Off Course

“Elsa Bruegger has seemed a little unsteady in the morning lately”, the charge nurse told me at my boarding home rounds two weeks ago. “Her morning blood sugars have been a little low. Do you think we should cut back on her insulin?”

“Sounds reasonable”, I answered. Let me look at her chart.” Elsa is on valproic acid as a mood stabilizer and sees her psychiatrist every three months. Her drug level was just about due to be checked, so I ordered a fresh set of labwork and decreased the dose of her long-acting insulin.

We continued our stand-up rounds, going through dozens of reports and issues on the many residents who were not scheduled to be seen that day. I then did two admissions and saw a couple of patients for their scheduled visits.

The next time I went to the boarding home, I checked on the results of Elsa’s blood tests and reviewed her blood sugar log. Everything was well within range.

“How is she doing?” I asked.

“The girls still find her a little off balance now and then, especially in the morning.”

“Tell me again how long this has been going on…”

“Probably a month or a month and a half.”

“Any urinary symptoms? Anything else going on?” I flipped through the chart again. My eyes fell on some insurance paperwork. There, two months ago was a rejection letter for a Prior Authorization request for a brand-name drug Elsa had been taking for urinary frequency.

“Well, she’s incontinent sometimes, but that’s not new, and she has no dysuria. But we did have to switch her to that generic drug for her urine two months ago”, the charge nurse answered.

“Well, if she’s still incontinent, let’s stop the pill, because that could cause her to be dizzy”, I said, “so let me write the order for that.”

Yesterday I stopped in at the boarding home again to speak with the family of one of my patients. While standing at the nurses’ station I happened to see Elsa coming down the hall with her walker.

With every step Elsa took, she and the walker veered more and more to the right until she came to a stop with the right front wheel against the wall. She then lifted the walker toward the middle of the corridor and started walking again. Eight or ten steps later, she was back against the wall. She stopped and lifted the aluminum walker toward the middle of the corridor again and repeated the same procedure.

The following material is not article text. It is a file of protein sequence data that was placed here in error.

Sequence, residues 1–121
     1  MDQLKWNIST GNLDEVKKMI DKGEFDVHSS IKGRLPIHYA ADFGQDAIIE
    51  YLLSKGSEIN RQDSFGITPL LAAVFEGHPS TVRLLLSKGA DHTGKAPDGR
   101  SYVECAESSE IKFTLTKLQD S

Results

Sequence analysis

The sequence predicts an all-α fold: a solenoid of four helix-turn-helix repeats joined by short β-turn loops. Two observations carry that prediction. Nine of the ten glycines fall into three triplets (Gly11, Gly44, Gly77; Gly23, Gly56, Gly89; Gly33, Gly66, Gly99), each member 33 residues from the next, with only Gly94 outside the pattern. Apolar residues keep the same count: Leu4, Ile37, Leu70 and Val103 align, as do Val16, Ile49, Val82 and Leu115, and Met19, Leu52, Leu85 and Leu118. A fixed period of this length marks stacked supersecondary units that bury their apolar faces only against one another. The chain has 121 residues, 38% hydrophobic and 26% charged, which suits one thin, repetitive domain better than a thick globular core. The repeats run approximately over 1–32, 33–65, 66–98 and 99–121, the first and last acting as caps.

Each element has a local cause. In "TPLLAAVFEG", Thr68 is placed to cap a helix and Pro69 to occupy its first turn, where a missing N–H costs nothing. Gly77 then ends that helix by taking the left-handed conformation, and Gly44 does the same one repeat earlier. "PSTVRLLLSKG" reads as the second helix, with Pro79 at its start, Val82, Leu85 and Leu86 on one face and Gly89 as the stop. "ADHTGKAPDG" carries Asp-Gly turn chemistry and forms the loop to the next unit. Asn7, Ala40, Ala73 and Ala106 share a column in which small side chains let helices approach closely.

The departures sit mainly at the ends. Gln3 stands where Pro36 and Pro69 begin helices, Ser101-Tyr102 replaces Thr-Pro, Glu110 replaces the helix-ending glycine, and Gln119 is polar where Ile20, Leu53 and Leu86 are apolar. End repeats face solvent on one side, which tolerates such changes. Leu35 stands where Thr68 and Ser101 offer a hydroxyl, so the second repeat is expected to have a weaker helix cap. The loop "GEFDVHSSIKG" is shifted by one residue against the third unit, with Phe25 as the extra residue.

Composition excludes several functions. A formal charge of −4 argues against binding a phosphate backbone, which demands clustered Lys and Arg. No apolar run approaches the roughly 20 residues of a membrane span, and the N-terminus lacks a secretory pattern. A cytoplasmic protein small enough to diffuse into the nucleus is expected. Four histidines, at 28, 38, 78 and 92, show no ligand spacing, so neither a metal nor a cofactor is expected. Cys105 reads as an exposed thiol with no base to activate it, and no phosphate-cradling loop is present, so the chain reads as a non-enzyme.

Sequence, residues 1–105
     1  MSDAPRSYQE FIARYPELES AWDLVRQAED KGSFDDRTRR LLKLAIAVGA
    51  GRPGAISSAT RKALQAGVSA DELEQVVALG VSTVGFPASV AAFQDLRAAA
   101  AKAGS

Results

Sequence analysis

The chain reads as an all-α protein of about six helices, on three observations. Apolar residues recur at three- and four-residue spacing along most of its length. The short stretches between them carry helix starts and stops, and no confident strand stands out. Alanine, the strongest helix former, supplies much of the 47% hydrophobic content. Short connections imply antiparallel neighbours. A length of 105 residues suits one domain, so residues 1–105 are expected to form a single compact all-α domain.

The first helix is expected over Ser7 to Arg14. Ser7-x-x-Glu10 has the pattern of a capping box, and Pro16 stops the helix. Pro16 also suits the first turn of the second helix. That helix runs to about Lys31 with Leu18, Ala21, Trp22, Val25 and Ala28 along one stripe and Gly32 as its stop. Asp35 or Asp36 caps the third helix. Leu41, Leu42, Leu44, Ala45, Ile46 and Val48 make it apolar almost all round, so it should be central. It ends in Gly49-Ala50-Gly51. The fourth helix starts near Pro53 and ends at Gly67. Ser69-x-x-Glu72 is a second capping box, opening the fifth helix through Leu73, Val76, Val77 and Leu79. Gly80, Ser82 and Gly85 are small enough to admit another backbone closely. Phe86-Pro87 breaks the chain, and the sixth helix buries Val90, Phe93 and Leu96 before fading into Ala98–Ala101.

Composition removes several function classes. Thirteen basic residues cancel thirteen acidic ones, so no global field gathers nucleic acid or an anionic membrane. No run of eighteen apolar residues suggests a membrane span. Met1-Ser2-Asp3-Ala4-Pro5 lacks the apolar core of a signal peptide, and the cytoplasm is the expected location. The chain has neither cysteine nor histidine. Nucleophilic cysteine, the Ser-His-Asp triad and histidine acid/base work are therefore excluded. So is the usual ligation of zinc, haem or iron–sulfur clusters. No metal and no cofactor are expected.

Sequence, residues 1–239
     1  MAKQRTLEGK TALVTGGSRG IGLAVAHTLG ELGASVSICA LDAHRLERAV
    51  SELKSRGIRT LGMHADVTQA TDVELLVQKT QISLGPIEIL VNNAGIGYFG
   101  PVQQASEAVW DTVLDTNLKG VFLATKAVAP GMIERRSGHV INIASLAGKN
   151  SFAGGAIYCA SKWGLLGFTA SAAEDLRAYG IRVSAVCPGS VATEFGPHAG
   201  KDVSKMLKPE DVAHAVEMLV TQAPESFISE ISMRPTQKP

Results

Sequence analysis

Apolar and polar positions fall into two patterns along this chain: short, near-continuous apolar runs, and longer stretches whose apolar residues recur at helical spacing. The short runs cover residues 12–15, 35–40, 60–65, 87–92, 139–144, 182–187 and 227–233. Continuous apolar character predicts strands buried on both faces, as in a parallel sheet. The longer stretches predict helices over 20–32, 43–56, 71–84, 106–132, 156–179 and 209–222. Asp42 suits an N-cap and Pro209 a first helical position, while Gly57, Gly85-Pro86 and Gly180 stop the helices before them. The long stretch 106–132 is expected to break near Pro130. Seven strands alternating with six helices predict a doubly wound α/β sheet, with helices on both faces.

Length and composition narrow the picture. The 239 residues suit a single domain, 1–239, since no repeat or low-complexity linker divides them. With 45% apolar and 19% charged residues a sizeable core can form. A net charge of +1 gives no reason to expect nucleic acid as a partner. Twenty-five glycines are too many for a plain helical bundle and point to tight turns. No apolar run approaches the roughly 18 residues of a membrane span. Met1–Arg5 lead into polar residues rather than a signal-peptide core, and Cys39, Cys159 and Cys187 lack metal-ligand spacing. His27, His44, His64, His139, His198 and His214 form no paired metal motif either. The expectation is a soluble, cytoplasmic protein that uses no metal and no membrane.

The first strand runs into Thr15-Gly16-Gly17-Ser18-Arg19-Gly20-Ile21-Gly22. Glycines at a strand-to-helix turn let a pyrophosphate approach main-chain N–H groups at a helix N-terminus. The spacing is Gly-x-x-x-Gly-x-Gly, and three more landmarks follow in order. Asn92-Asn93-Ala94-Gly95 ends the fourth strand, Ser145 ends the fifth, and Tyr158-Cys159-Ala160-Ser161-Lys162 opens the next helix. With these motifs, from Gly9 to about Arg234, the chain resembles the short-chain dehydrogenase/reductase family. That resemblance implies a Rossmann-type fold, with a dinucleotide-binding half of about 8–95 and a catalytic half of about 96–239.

“Look”, I whispered to the nurse.

We watched as Elsa repeated her zigzag veer and correction half a dozen times until she came to the TV room half way down the hall. After she settled into her chair, I asked to borrow her walker. She seemed bemused.

I picked it up and spun the wheels, which rolled without any apparent resistance. I checked the length of its four legs and the tightness of all its bolts.

“Let me just take it for a spin”, I said. Elsa grinned as I started walking.

The moment I put even the slightest pressure over the front wheels, the walker started turning towards my right. I hit the wall just as fast as Elsa had. She giggled. The nurse sighed with her hands on her hips.

“Let’s get you a new walker!” I said as I returned the defective unit to Elsa. She smiled and nodded.

I didn’t know whether to feel good or bad about my diagnosis. It had taken more than two weeks, but really only took a minute to arrive at once I got on the right course.

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Osler said “Listen to your patient, he is telling you the diagnosis”. Duvefelt says “Listen to your patient, he is telling you what kind of doctor he needs you to be”.



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